Why I like writing about Uganda

.. and Mozambique, and South Africa, and Rwanda, and …
(By the way, I’ve just put up a long new post about Uganda over at the Transitional Justice Forum blog. It presents more of the material from my trips last month to The Hague and Uganda, which I have been writing up these past few days… Including, more material from my interview with ICC chief prosecutor Luis Moreno-Ocampo and more material from the short focus-group discussion I conducted in an IDP camp near Gulu.)
Anyway, back to why I like writing about Africa:

    1. The developments in the African countries I’ve studied are extremely important in their own right– both for the large numbers of people who live in them, and for the political evolution of the world system as a whole.
    2. Because studying these situations closely gives a useful comparative perspective to what happens elsewhere in the world, including in the Middle East. Want to know what the likely effects of trying Saddam Hussein will be on building a new political order while the inter-group conflicts within Iraq are still so deeply unresolved? Look at Rwanda! Want to know how to build a new, inclusive and democratic political order where previously there has been a dictatorial system of minority rule? Look at South Africa! And so on…
    3. Because studying the truly devastating effects of European colonialism on the peoples of Africa can help us all understand other colonialist ventures much better– including the still-ongoing ones in the Middle East.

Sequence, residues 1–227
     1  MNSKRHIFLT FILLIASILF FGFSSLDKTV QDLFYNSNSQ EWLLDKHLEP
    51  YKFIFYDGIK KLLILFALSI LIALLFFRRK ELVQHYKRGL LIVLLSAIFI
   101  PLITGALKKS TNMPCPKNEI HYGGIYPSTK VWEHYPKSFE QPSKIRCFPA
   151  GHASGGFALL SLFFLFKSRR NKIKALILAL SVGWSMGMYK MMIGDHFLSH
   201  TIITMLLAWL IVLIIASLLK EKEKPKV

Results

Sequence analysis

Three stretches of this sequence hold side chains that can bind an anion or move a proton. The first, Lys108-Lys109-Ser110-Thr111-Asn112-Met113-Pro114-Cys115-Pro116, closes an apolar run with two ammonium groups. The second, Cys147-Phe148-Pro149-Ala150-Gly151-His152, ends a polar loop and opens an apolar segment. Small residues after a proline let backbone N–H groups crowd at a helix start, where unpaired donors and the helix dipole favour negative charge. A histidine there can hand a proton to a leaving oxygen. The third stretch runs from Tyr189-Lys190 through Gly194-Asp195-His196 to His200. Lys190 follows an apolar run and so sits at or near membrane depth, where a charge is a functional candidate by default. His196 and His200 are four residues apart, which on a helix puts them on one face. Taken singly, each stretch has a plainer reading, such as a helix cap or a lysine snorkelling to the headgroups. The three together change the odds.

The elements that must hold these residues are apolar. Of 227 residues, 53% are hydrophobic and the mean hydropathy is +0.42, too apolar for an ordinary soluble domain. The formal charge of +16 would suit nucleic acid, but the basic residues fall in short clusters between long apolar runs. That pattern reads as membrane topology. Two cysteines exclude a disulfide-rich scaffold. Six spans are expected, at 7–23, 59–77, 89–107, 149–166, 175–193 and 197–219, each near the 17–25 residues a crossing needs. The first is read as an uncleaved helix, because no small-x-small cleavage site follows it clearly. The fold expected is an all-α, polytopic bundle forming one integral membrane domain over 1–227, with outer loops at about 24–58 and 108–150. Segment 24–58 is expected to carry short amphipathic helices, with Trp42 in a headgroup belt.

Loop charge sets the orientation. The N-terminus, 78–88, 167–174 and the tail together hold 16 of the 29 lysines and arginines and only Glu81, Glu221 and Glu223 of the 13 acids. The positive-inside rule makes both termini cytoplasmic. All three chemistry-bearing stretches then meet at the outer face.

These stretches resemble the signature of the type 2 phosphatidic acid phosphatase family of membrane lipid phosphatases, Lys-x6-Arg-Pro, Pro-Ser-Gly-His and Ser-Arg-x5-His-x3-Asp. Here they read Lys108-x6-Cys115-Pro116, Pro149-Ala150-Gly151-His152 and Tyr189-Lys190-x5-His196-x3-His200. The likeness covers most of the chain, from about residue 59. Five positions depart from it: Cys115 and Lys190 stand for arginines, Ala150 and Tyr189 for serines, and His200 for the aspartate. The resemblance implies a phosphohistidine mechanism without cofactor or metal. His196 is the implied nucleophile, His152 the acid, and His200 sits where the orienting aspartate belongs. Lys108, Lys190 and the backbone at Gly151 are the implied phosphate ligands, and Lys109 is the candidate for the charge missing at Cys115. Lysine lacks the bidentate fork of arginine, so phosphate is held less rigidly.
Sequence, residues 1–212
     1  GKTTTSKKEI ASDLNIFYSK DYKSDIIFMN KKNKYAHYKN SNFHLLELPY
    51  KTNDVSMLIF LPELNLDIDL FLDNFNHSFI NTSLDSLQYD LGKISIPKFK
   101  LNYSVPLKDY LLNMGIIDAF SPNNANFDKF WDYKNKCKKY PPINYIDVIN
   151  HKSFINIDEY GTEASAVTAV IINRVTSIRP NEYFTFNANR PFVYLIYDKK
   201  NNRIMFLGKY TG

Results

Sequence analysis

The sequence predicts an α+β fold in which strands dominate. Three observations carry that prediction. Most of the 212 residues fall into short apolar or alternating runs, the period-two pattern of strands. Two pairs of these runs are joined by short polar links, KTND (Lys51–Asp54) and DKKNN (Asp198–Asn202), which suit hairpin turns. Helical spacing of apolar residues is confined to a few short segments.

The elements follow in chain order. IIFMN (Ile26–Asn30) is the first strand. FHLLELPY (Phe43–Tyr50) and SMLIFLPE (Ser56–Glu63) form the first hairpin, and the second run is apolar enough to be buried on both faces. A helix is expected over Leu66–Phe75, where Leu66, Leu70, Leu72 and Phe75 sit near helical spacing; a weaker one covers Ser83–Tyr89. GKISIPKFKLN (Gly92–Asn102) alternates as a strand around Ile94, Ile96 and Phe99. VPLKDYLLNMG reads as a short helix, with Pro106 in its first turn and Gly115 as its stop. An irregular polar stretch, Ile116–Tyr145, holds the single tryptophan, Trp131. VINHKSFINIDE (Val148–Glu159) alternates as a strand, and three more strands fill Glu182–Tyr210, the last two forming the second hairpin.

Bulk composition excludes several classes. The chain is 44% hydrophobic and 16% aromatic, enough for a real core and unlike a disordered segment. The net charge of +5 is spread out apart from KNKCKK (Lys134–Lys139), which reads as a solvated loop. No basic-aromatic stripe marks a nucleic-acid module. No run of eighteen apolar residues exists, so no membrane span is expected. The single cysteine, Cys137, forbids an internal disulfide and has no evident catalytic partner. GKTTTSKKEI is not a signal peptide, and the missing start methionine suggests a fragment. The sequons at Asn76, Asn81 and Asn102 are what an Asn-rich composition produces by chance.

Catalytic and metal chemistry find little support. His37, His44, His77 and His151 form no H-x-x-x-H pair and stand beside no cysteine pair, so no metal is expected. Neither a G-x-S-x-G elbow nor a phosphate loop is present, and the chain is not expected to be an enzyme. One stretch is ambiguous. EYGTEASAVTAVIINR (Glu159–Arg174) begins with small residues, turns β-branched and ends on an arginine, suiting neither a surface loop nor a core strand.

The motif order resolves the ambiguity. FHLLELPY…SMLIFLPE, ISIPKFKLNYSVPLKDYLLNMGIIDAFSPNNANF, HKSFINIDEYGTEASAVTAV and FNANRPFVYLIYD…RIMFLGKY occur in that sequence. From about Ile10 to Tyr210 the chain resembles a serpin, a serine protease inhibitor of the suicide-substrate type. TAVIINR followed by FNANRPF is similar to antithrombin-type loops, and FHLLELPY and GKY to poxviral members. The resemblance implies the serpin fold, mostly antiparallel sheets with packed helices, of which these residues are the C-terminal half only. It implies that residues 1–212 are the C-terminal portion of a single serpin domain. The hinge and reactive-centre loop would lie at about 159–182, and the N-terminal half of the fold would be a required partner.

4. Because studying Africa helps to put the effects of colonialism and conflict in the Middle East into a different perspective. The harms being borne by the peoples of many of the conflict-torn nations in Central and West Africa are just as devastating as, if not worse than, the harms borne by any nation in the Middle East… and that includes, Iraq, Palestine, and Lebanon. But where is the active global concern for the peoples of Africa? Where is the coverage of the MSM for what these survivors of colonialism are still forced to go through? I like to do what I can, however little, to keep these issues in people’s minds.
    5. Because I have personally found many sources of real uplift and inspiration in Africa. In the countries I’ve worked in in Africa I’ve met scores of wise, creative, hardy people– many or most of them, I should add, also people of great spiritual strength. This is even true in Rwanda, though the general political situation there remains fairly stark. When events in the Middle East or the US or in other arenas of world affairs become too depressing, I nearly always find that reflecting on my experiences and the people I’ve encountered in Africa helps me regain my balance…

Anyway, head over to TJF if you can and read what I’ve been writing there. Post your comments there, not here.